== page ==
October 13th, 2009 9:59 AM by Lehel S.
Tuesday's bond market has opened well in positive territory following last week's sell-off. The stock markets are helping bonds by showing early losses with the Dow down 38 points and the Nasdaq down 6 points. The bond market is currently up 21/32, but we likely will see little change in this morning's mortgage rates due to weakness late Friday.
There is no relevant economic news scheduled for release today. The bond market was closed yesterday in observance of the Columbus Day holiday, so today's trading picks up from Friday's levels. Last week closed on a significant sell-off so this morning's gains in bonds could be investors finalizing positions. Some traders feel last week's sell-off was overkill, meaning market participants feel current prices are a good buy. This has attracted funds into bonds this morning.
Tomorrow morning brings us the week's first piece of data when September's Retail Sales report is posted. This data is very importa nt to the markets because it measures consumer spending by tracking sales at retail establishments in the U.S. Since consumer spending makes up two-thirds of the U.S. economy, any related data is considered to be highly important. If we see weaker than expected readings in this report, the bond market should respond favorably and mortgage rates should drop. However, stronger than expected sales could fuel a stock rally and push mortgage rates higher. Current forecasts are calling for a 2.1% decline in sales. The large drop from August's sales is expected to come from a significant decline in auto transactions since the Cash for Clunkers program ended.
Also scheduled for release tomorrow is the minutes to the last FOMC meeting. These may be a major mover of the markets or could be a non-factor, depending on what they say. The key will be concerns over inflation and the Fed's next move. If the Fed members were concerned about inflationary pressures, we may see the bond market move lower and mortgage rates higher Wednesday afternoon. However, if they indicate that inflation is still not a threat and that a rate increase is not likely in the in the bear future, the bond market and mortgage rates should remain calm.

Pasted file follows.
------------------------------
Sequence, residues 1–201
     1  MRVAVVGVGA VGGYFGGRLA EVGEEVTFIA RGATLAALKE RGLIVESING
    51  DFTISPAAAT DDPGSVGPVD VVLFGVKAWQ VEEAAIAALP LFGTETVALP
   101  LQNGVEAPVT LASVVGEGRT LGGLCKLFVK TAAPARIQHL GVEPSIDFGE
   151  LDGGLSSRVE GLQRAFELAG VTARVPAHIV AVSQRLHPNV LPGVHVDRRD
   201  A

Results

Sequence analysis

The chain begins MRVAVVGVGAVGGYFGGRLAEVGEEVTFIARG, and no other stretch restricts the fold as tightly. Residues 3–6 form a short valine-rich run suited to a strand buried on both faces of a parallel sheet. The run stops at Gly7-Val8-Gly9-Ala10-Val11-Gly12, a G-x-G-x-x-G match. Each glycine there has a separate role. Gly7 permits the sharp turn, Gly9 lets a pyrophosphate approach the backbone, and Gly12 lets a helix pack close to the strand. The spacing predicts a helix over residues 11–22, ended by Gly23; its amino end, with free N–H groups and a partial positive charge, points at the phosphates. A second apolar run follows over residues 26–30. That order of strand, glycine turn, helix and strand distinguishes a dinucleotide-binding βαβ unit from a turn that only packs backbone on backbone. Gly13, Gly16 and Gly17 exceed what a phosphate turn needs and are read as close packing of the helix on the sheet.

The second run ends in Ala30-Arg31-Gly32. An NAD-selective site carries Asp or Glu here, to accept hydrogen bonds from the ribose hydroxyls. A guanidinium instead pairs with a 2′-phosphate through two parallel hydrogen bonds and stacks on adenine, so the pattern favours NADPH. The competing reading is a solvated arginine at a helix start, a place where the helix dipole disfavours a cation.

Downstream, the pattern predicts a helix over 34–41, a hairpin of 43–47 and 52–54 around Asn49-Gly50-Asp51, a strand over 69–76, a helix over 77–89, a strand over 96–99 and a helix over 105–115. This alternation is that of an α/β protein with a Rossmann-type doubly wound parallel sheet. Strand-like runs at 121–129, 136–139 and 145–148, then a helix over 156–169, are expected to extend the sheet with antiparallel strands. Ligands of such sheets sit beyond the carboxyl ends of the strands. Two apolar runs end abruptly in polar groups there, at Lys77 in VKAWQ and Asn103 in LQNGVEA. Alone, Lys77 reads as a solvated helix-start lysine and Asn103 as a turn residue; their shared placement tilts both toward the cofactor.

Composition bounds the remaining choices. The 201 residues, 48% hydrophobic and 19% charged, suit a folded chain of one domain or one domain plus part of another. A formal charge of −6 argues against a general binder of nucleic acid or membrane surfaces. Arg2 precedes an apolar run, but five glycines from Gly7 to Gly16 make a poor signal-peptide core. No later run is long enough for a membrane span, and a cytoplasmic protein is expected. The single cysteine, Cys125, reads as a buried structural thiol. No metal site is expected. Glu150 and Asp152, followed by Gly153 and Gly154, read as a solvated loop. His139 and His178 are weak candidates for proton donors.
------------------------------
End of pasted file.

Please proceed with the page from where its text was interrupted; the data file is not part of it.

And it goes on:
Overall, I am expecting to see a fair amount of movement in mortgage rates this week, but mostly the latter part of the week. The key reports are tomorrow's Retail Sales report and Thursday's CPI data. But the active week for corporate earnings can also heavily influence trading and mortgage rates any day of the week. Accordingly, please proceed cautiously if you have not locked an interest rates yet.
If I were considering financing/refinancing a home, I would.... Lock if my closing was taking place within 7 days... Lock if my closing was taking place between 8 and 20 days... Lock if my closing was taking place between 21 and 60 days... Lock if my closing was taking place over 60 days from now... This is only my opinion of what I would do if I were financing a home. It is only an opinion and cannot be guaranteed to be in the best interest of all/any other borrowers.